Cloud computing take up in the financial services sector is by no means a done deal, because business users still do not understand its relevance, according to the latest research.
Research carried of by think tank the Financial Services Club, which questioned 230 financial services professionals, found that only a quarter believe that the business users are driving the take up of cloud computing.
This compares to 56% who said IT departments and IT suppliers are pushing the service.
Chris Skinner, chairman at The Financial Services Club, said cloud computing offers the potential to deliver significant benefits in terms of time and money but there are obstacles to overcome.
"The biggest issue is not with the technology, but with how suppliers discuss it. First, too many claim their solutions are cloud-related because anyone who offers any kind of outsourced service is calling it cloud right now. Second, the business applications, needs, benefits and fit are not being articulated well enough and, without such positioning, cloud may just go the way of other technology hype cycles, as in confusion and irritation."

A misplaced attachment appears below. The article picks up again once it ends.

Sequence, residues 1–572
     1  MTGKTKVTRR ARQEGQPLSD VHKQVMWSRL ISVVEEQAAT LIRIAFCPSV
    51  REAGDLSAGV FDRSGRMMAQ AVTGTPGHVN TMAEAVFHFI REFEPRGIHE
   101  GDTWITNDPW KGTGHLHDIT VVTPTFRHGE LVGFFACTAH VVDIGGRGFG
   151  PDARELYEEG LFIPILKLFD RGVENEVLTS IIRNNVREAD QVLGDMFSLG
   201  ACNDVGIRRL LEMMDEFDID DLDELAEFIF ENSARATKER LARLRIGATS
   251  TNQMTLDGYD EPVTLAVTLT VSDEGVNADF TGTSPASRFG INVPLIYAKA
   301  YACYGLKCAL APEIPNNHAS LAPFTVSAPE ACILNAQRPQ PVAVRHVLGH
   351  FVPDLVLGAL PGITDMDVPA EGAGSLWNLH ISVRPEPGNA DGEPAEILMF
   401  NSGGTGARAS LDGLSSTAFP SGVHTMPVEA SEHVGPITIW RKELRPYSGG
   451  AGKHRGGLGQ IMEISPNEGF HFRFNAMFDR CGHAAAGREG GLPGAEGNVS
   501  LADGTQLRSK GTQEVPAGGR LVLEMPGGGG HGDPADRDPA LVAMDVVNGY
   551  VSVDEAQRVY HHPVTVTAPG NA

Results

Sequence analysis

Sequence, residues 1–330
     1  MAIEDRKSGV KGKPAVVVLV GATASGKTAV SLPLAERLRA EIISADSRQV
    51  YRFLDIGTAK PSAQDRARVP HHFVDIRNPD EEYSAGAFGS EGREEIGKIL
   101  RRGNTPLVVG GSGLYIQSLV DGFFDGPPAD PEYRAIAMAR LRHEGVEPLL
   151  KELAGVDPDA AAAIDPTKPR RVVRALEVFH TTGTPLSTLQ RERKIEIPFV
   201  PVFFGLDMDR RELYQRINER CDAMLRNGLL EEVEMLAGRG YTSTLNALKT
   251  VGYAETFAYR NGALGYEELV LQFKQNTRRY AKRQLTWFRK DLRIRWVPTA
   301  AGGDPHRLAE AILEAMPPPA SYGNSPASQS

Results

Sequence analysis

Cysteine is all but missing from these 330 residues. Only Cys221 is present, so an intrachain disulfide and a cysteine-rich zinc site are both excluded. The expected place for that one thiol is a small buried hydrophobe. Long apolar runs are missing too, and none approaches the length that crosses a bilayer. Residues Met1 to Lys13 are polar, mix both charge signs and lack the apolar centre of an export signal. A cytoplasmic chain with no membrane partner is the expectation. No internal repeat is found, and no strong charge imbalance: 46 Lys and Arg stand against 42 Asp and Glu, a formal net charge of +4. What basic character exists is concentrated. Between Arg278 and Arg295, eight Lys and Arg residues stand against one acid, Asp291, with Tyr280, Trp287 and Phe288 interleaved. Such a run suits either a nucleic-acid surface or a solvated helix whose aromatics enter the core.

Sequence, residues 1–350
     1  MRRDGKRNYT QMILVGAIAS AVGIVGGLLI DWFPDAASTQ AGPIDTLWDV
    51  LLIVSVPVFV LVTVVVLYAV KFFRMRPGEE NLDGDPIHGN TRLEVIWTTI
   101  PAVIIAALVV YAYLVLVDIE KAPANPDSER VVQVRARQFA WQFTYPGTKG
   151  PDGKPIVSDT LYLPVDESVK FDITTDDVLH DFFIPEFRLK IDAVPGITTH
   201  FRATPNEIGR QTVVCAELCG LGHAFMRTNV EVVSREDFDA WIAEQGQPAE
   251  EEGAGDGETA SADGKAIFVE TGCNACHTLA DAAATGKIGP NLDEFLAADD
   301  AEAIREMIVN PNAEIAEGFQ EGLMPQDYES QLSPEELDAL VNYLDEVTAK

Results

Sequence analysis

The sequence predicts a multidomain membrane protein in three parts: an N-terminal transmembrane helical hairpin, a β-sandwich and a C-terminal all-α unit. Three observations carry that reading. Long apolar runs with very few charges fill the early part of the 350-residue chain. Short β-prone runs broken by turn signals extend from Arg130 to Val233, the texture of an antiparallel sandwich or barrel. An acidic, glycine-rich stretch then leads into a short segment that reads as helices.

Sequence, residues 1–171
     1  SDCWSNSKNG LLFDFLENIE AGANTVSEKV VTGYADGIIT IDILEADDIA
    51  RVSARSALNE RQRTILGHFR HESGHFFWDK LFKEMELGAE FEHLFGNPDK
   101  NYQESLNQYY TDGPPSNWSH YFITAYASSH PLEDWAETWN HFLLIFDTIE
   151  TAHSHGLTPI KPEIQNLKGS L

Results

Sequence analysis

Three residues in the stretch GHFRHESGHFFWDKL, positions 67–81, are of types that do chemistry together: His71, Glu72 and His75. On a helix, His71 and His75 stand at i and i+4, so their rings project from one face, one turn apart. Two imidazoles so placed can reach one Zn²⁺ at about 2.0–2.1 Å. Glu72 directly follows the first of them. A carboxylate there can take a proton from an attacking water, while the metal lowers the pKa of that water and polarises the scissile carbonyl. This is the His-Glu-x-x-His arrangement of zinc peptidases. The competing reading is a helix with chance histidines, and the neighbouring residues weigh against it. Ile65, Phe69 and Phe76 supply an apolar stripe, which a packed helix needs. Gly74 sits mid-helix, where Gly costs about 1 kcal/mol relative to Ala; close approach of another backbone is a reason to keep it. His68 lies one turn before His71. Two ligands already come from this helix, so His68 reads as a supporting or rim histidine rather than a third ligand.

Companies involved with investment such as trading exchanges and investment banks, which are heavy users of technology and tend to pioneer IT, are the only segment of financial services to be pushing cloud computing.
Skinner said that the definition of cloud computing is unclear, the benefits to the business are not being presented well. "The technology industry needs to make the definition and relevance of cloud computing far clearer to banks and insurers, if this is to be a market that takes off."